Faculty: Kaushik Bhattacharya
The Bhattacharya group studies a wide range of active materials including shape-memory alloys, ferroelectrics, electro-active materials and liquid crystal elastomers. The materials have unusual properties that couple mechanical, electrical, magnetic and thermal phenomena. A key issue that is addresses is understanding the link between microstructure and macroscopic properties, and then using this understanding (i) to develop ideas for improved materials, (ii) to propose novel applications and (iii) to build high-fidelity macroscopic models.
Faculty: Kaushik Bhattacharya
Fundamental problems involving the interaction of shock waves with drops and bubbles arise in numerous applications. In underwater explosions, the blast wave can interact with underwater structures to form cavitation bubbles whose violent collapse generates secondary shock waves. Similar processes occur in medical procedures involving shock and ultrasonic waves, such as lithotripsy (pulverization of kidney stones with shock waves) and historipsy (tissue fractionation for treatment of cancer), and in two-phase flow in turbomachinery. We are developing robust and accurate numerical simulations of the interactions of shock waves with a disperse phase, and using the simulations to characterize the stresses occurring in nearby solid and fluid structures. The methodology has so far been applied to study the collapse of cavitation bubbles near a kidney stone in lithotripsy, and the deformation of a target during a high-speed droplet impact. We are also modeling the growth and collapse of cavitation bubbles in micro-vessels as a model for the tissue injury that occurs in lithotripsy.
Faculty: Tim Colonius
Together with colleagues at the Illinois Institute of Technology and Princeton and Northeastern Universities, we are developing integrated closed-loop flow and flight control for stabilization and regulation of separated flows occurring on unmanned and micro air vehicle (UAV/MAV) wings. Inspired by the remarkable performance of birds and insects, increased lift associated with the controlled flows will lead to dramatic improvements in maneuverability, gust resistance, and a wider flight envelope. We are also studying how energy can be effectively extracted from wind gradients, in order to minimize power requirements and thereby reduce the weight of MAV. Our approach utilizes model-based, real-time control of unsteady mass injection along the wing's leading edge in order to dynamically alter the aerodynamic forces and moments, potentially eliminating traditional control surfaces whose inertia and structural limitations preclude real-time disturbance rejection algorithms. The methodology, so far demonstrated on model wings in laboratory and simulation environments, also delivers high-lift flow states that would be otherwise unstable without sensing and actuation. Specific laboratory demonstrations include the ability to dynamically cancel lift fluctuations associated with gusting flows on a time scale approaching the fast, intrinsic fluid-dynamic time scales associated with small-scale wings. A significant aspect of the work is the development of general model reduction theory and algorithms suitable for robust flow control that can be applied to a wide variety of flow control problems.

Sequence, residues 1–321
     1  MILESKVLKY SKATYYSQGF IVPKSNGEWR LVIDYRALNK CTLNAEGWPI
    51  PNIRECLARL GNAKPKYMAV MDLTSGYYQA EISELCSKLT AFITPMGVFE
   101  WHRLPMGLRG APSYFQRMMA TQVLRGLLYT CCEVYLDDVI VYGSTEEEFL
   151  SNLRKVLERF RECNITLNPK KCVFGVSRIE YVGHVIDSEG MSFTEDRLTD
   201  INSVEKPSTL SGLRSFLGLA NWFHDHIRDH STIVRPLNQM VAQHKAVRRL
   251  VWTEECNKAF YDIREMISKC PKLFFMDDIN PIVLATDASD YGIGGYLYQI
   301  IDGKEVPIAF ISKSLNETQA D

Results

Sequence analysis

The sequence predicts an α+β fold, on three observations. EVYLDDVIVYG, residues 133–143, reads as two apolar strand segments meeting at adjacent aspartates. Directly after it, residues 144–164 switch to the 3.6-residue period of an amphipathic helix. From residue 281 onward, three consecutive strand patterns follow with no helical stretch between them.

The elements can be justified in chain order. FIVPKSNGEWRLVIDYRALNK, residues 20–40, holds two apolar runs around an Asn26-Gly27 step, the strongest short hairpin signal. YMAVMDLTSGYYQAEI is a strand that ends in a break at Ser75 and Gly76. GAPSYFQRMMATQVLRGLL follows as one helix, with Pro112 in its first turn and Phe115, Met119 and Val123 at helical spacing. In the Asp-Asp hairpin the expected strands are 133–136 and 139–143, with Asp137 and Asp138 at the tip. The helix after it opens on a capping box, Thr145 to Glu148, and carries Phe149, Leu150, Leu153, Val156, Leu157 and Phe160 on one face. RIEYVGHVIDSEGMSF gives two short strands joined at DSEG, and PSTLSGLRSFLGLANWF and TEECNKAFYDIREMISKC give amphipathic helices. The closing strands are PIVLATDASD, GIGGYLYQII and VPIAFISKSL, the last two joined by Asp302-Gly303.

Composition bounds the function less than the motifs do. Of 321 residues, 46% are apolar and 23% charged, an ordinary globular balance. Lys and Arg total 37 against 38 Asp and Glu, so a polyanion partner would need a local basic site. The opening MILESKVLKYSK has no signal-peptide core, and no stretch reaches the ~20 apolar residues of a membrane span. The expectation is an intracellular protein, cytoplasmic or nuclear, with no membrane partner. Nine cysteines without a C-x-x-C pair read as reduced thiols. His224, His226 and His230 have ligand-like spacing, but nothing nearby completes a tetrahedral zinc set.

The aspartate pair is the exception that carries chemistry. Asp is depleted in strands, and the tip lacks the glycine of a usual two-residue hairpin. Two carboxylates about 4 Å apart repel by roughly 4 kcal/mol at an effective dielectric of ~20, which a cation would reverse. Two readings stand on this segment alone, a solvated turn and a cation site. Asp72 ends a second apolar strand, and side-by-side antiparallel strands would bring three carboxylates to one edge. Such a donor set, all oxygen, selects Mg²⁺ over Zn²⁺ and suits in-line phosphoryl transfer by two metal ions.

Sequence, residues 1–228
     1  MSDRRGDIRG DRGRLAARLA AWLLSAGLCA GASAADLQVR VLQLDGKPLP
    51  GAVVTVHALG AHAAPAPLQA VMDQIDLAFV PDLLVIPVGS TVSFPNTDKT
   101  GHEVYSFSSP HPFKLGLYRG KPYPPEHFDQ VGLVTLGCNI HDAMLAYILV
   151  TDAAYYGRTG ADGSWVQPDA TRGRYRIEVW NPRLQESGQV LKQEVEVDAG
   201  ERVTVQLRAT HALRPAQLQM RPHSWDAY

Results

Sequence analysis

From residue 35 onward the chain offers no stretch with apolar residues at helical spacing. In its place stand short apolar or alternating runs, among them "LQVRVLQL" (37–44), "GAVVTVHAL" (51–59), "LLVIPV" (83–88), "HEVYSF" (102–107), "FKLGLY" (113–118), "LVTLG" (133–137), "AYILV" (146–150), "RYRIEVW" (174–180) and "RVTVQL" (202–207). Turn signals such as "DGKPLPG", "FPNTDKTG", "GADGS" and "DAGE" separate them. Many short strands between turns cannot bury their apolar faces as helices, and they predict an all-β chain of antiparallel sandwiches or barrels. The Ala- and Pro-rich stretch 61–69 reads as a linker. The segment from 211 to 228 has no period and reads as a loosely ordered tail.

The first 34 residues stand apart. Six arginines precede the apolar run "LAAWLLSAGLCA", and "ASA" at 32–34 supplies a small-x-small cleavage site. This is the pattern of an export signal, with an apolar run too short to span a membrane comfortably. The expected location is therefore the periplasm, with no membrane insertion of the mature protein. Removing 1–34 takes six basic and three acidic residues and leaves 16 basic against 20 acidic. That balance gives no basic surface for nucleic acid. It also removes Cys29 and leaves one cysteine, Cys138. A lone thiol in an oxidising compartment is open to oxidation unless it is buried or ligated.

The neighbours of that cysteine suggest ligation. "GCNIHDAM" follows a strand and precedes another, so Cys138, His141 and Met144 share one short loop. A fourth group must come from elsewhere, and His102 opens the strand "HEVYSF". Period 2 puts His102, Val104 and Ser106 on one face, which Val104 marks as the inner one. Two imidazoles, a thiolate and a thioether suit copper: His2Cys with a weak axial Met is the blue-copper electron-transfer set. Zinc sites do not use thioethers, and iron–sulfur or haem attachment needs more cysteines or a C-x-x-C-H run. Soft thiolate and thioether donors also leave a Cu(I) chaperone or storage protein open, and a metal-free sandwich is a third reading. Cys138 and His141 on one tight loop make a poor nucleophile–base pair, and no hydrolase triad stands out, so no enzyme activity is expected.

Faculty: Tim Colonius
Since the 1950s, significant reductions in aircraft noise have been made by increasing the bypass ratio of the turbofan engine. However, the bypass ratio is reaching a practical upper bound, and significant further reductions in jet noise will require more subtle interactions with the turbulent flow field and better understanding of the mechanisms of sound generation. To date, only passive devices such as serrated nozzles have proven robust and effective enough for deployment on commercial aircraft, but recent advances in simulation and modeling promise new insights into mechanisms that can be exploited in active and, perhaps ultimately, closed-loop control. We are performing large-scale computations of turbulent jets and their radiated noise in order to provide detailed databases through which reduced-order modeling and control concepts can be evaluated. These simulations utilize new methods that permit better scalability for parallel simulations on very large numbers of processors. We are also developing reduced-order models based on Parabolized Stability Equations (PSE) and utilizing data from advanced diagnostic techniques such as large microphone arrays in order to isolate specific turbulent structures responsible for the loudest noise.
Faculty: Tim Colonius
Booming sand dunes have intrigued travelers since Marco Polo and puzzled scientists for long. Some dunes emit a persistent, low-frequency sound during a slumping event or a natural avalanche on the leeward face of the dune. The sound can last for several minutes and is audible from miles away. The resulting acoustic emission is characterized by a dominant audible frequency (70 - 105 Hz) and several higher harmonics. Seismic refraction experiments by Caltech ME proved the existence of a multi-layer internal structure in the dune that acts as a waveguide for the acoustic energy. Constructive interference between the reflecting waves enables the amplification and sets the frequency of each boom. Continuing work focuses on additional geophysical measurements and finite difference simulations supporting the waveguide model for booming sand dunes.
Faculty: Melany L. Hunt